Clayton Cotterell - Noé

Clayton Cotterell – Noé and

“”Noé” is an experimental documentary project concentrated on Noé Jimenez, an eighteen year old living in New Haven, Connecticut. When I met him in a painter’s open studio in Bridgeport, Connecticut in 2006, we quickly struck up a conversation. He explained that he was an artist and shared his incredibly tenuous plans for his immediate future. When I asked his age, I was shocked to learn that he was only sixteen at the time as his demeanor and interests had led me to believe that he was at least in his twenties and much closer to my own age. Despite his maturity, there were times where his true age was exposed through his physical gestures and naïve comments.”


How did he change since you started photographing Noé?
Noé has changed in the ways that most of us change in the period he is in. He has wanted and gained independence, had relationships begin and fail, and started a path toward adulthood by experiencing the world around him.

How did you change?
This was really the first project I completely put myself into for such an extended period of time, so it was a huge learning process for me. When finalizing the statement for the work, it felt more like a confession than an artist’s statement, and that taught me a lot about the way I make work and how I need to understand why I make the things that I do.


Has any of you had an influence on the other’s character, life direction, artistic plans?
Noé is an artist and I think he enjoys talking about his work with me. He is in art school as a painter now and will soon finish, but I think he’d be doing that regardless of our relationship.

What was your next project after Noé? Was it connected to this one in any way?
My next project after Noé was All in the Family, where I photographed my younger brother before and after he had joined the US Army. The two are very connected in terms of the time of life they were each experiencing. Where they differ is the context in which they exist.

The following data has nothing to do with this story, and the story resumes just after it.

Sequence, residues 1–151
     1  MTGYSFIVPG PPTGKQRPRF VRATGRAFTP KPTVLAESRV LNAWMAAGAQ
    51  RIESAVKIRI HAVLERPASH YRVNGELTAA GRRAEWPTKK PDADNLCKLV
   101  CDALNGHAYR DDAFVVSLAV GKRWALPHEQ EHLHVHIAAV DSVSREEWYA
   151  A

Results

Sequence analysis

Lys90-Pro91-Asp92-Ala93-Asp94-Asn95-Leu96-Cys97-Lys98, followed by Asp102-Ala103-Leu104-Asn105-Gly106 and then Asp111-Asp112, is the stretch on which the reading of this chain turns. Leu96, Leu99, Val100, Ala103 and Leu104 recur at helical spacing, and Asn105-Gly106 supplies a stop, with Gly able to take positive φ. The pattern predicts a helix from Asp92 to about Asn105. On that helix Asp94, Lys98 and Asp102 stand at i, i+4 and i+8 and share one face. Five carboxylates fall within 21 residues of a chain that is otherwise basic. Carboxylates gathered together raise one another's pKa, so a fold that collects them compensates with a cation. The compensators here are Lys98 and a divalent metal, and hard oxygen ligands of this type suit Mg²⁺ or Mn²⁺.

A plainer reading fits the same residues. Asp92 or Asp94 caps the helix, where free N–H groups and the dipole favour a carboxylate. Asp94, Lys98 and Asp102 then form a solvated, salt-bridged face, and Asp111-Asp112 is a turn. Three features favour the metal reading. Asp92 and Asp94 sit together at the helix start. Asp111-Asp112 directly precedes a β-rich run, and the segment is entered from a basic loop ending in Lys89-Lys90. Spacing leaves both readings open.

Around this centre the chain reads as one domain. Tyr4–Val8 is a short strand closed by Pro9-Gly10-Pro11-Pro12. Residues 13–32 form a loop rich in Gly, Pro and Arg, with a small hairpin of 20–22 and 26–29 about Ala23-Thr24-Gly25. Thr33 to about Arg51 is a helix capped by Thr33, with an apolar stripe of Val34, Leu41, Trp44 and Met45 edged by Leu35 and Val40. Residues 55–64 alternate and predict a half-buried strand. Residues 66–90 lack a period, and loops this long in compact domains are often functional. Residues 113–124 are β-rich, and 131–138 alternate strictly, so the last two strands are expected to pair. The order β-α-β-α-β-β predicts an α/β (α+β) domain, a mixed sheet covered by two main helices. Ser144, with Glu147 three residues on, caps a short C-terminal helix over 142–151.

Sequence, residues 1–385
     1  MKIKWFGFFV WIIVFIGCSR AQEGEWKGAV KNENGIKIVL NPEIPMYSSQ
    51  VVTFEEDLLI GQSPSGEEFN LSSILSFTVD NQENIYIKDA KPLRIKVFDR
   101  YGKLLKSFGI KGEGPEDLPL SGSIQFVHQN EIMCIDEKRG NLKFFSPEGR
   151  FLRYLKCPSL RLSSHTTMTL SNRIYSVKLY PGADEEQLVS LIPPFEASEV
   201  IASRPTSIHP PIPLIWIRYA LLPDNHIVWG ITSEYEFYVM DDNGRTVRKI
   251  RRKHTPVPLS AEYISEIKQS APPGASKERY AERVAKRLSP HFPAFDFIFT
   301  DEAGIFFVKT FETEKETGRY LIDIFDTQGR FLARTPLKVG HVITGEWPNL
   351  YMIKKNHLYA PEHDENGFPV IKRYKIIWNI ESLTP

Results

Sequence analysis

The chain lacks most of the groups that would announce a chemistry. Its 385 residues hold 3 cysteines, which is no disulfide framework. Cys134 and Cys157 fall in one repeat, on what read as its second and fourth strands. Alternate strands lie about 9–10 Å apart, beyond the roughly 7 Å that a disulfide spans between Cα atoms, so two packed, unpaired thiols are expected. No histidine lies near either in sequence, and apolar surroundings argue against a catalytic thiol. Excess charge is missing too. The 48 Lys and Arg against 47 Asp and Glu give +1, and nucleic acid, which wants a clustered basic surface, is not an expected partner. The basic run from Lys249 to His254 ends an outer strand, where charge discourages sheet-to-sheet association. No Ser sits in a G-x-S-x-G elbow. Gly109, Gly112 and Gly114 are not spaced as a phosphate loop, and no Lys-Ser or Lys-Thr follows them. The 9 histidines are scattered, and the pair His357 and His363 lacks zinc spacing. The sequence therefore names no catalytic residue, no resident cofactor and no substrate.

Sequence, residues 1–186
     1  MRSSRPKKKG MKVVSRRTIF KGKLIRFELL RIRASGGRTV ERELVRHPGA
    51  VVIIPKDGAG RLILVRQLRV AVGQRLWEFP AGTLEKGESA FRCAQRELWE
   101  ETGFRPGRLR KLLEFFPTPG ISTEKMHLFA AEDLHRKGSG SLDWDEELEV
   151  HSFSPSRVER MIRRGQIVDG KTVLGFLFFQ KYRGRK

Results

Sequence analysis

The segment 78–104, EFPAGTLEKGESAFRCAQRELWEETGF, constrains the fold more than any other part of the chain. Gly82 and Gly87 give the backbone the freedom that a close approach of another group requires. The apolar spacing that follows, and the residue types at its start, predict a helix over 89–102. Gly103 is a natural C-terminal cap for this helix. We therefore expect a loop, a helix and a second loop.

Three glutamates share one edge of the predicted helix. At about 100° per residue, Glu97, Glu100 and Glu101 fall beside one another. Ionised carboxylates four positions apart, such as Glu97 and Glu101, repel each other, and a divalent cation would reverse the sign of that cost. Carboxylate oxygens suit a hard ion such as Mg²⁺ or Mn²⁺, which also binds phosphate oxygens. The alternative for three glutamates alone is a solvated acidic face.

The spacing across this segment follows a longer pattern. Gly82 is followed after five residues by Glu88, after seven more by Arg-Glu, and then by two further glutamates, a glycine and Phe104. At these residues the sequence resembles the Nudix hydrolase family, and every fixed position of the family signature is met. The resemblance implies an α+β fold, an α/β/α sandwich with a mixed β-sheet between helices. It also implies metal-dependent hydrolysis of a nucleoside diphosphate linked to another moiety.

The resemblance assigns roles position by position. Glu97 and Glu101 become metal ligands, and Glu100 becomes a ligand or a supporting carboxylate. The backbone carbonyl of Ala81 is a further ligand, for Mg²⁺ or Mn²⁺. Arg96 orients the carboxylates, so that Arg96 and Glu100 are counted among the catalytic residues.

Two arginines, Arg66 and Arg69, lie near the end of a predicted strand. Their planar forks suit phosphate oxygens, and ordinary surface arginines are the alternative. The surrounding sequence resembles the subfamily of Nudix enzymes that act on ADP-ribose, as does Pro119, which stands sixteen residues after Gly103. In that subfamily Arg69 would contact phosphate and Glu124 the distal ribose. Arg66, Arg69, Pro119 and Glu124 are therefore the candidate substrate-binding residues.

Has this series been exhibited?
It has been exhibited in a few group shows around New York City but has never really been reviewed.

How do you think the intimate moments you show in your photographs are linked to the artistic creation?
I think by bringing together the intimate moments, and molding them into a sequence or edit is where the artistic creation begins. As a photographer, I compose and push the button of my camera when I feel the time is right, but without really knowing why most of the time. I suppose the choice of the moment is also an act of artistic creation by capturing what I’m seeing.


Why does the world need this kind of images? Or, if you think it doesn’t, why do you need to take them?
I’m not so sure whether or not the world needs these images. I made them because it was a way for me to figure things out for myself. I think that’s why a lot of artists make the work they do, because they’re trying to understand something more clearly. This project was really my own escape from an adult reality. I idolized the time and intimate moments Noé was experiencing by photographing them.

You co-curate a photography blog ( with another photographer, Amy Elkins (featured on oitzarisme, too). How do curating and creating art go along?
Curating is a nice exercise from time to time because you’re forced to look at other’s work and see how the images can fit together. It helps when looking at your own photographs and piecing them into an edit or sequence. Also, Amy is my girlfriend so it’s fun to collaborate on something together.


What do you look for in the images you post on that blog?
I just look for something unique in an image and keep it in the back of my mind while looking at the other submissions. It usually starts with a visual thread that somehow makes sense.

How do you see the contemporary art, and especially photography, developing?
It seems that contemporary photography has been turning on itself for a while, meaning photographers are looking at the medium and thinking up new ways of developing it. There’s also a blending of genres taking place that I think is positive. When I was in school I remember a lot of people seeming to be very cautious of using the word “documentary” when talking about their “art”, as if taking straight photographs of real things wasn’t artful. That always bothered me and I hope it doesn’t stick around. People are taking much more liberty with their photographs these days and it’s exciting to see.


introduction text by Clayton Cotterell and interviewed by Andreea Cioran